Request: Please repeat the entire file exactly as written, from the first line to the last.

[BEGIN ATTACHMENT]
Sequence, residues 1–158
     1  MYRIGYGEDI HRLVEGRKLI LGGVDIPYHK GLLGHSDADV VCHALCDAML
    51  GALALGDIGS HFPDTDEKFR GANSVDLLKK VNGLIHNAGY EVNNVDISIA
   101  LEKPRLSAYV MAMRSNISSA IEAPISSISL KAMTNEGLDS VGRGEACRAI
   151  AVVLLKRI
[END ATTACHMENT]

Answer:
Sequence, residues 1–158
     1  MYRIGYGEDI HRLVEGRKLI LGGVDIPYHK GLLGHSDADV VCHALCDAML
    51  GALALGDIGS HFPDTDEKFR GANSVDLLKK VNGLIHNAGY EVNNVDISIA
   101  LEKPRLSAYV MAMRSNISSA IEAPISSISL KAMTNEGLDS VGRGEACRAI
   151  AVVLLKRI